I have been re-pointing some brickwork this week. Despite having a shed full of various pointing guns I was doing it the old fashioned way with a hawk and a Marshalltown tuck pointer. The reason for using hand tools as opposed to the compressed air gun was simply to reduce noise. The customer has a one week old baby and I didn’t want the compressor kicking in and scaring the living daylights out of the poor mite. So I had a very pleasant couple of days out on the scaffold tower watching the world go by and listening to the birds sing. My builder friend Steve dropped in to see me and made a comment about having to be brain dead in order to enjoy pointing. OK, I am brain dead but it is stress free and the repetitive nature of the work is strangely satisfying. This is probably because I don’t do it day after day for the rest of my working life. It is in effect a holiday.
…the big difference between what they were doing and what I was doing was the magic ingredient of being outdoors.
When I was a kid I used to see television footage of car workers on assembly lines. They were on the news because they were on strike. That happened a lot in the sixties and even at my young age I had a great deal of sympathy. Faced with the nature of their work, the noise and the grim prospect that they would be doing it day in day out until they won the football pools, I would have found any excuse to walk out into the sunshine.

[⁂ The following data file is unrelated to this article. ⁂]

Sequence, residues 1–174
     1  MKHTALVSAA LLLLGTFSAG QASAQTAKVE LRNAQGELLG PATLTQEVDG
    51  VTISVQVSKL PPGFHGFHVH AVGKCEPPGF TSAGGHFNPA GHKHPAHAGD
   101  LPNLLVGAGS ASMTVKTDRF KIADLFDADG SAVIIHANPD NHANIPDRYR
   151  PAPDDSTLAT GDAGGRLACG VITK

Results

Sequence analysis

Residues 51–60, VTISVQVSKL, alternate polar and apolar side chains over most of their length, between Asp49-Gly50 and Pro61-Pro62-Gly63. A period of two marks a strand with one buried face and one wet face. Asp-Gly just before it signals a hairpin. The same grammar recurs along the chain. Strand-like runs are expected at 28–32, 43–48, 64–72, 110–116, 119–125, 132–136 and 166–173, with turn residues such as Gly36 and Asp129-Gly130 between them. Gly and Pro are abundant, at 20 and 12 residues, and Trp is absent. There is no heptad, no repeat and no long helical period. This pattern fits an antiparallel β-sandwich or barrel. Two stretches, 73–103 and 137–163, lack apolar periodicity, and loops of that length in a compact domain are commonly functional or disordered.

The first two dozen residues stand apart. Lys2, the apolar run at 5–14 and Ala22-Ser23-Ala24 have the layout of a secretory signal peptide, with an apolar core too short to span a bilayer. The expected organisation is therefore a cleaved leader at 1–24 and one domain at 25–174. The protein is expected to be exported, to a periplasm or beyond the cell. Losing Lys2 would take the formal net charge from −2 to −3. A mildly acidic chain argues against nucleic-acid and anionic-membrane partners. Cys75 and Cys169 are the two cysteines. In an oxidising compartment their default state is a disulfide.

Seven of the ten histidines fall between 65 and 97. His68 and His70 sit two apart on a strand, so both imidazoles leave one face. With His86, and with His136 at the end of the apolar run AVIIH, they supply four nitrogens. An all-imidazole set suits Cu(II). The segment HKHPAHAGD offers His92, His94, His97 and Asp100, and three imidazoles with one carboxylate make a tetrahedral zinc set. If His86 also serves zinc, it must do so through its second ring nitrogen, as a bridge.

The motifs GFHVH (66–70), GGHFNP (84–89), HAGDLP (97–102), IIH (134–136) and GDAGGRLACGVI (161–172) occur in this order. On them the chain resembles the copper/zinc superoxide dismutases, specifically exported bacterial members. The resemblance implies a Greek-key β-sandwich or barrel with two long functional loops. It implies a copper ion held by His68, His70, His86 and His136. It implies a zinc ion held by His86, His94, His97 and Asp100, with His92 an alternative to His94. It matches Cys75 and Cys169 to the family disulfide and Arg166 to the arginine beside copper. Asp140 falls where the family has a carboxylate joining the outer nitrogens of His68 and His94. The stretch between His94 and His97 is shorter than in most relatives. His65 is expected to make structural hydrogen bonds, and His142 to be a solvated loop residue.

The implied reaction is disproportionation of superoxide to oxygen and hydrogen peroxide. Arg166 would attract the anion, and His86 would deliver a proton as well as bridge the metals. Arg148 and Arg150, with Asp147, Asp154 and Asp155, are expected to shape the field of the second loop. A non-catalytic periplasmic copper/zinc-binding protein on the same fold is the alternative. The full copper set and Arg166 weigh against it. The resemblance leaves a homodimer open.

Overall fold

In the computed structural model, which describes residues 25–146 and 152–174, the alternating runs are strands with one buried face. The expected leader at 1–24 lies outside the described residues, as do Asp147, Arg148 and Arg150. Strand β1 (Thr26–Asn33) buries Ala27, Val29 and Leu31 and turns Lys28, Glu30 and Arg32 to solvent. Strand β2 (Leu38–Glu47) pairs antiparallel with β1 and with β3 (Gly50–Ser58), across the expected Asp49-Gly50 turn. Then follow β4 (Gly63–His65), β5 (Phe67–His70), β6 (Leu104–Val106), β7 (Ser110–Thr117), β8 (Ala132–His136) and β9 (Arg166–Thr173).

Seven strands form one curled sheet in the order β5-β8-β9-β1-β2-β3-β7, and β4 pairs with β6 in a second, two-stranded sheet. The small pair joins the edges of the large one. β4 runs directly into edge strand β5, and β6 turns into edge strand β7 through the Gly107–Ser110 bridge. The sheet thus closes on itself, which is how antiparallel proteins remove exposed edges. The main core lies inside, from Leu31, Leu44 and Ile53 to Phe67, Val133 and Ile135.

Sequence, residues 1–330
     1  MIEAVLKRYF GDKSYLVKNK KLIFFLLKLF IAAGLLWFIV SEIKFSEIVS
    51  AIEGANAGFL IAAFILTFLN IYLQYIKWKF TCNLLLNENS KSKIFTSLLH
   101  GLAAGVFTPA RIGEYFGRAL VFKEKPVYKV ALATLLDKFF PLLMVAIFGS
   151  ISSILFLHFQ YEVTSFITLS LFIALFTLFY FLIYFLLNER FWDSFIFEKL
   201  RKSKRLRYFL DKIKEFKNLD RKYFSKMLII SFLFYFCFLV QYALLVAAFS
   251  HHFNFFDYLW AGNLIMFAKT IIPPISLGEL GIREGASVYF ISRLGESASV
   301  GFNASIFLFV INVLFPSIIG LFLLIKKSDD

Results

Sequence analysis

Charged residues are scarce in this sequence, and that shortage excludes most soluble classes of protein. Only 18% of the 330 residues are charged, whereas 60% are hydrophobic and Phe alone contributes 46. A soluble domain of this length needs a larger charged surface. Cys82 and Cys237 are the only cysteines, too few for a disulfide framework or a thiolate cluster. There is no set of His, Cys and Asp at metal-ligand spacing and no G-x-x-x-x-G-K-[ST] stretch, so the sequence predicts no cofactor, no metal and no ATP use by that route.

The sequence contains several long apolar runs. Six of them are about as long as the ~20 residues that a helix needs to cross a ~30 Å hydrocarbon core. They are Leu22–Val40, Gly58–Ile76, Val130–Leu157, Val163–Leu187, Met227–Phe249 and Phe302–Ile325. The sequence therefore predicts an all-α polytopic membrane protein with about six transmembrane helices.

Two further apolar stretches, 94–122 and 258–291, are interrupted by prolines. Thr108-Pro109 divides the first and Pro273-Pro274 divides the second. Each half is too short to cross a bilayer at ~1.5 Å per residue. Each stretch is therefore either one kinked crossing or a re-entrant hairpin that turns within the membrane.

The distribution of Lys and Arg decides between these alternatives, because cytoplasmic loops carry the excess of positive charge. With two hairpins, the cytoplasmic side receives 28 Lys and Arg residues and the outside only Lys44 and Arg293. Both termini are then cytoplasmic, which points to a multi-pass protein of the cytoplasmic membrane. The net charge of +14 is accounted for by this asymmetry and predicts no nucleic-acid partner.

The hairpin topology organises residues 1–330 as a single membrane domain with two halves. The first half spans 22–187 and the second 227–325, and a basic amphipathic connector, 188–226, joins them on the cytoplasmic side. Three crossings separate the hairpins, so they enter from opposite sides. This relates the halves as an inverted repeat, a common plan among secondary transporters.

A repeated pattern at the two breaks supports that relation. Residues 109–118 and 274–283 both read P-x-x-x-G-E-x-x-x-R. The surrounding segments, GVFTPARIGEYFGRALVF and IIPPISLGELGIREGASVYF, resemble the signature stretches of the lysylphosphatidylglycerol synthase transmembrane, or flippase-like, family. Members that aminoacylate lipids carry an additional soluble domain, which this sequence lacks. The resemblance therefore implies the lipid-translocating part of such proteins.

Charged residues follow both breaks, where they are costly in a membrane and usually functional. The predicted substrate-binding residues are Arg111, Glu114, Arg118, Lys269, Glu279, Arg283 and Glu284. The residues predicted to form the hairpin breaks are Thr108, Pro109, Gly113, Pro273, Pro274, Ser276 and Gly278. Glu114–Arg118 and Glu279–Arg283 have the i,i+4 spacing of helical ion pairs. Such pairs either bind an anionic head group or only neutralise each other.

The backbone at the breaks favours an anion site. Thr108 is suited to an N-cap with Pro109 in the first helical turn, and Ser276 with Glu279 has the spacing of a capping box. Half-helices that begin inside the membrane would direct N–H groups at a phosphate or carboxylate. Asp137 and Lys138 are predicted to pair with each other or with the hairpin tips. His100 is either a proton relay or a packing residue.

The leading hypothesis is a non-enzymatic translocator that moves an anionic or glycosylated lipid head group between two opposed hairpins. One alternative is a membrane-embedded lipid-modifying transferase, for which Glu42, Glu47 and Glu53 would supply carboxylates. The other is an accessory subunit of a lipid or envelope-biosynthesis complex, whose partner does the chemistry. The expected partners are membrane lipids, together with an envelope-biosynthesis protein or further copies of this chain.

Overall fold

The big difference between what they were doing and what I was doing – pointing brickwork – was the magic ingredient of being outdoors. A lot of building workers like being out in the open, it’s why they joined. Admittedly it isn’t much fun in January but there is still something appealing about it. Whenever some bright spark comes up with yet another system-built house put together in the factory and hails it as the end of site built housing I hang my head low. Yes it is more efficient and probably cheaper, it may even have better quality control but it isn’t nearly as much fun. The measurement of job satisfaction isn’t something that economists think much about. The fun footprint is not measured in the way that carbon is. That is a shame because it figures large in people’s lives. It would be nice to have a little stamp on products saying that the maker enjoyed making it. I would put one on my brick pointing, a little smiley face hidden in the mortar lines. A little message for the future generations of builders.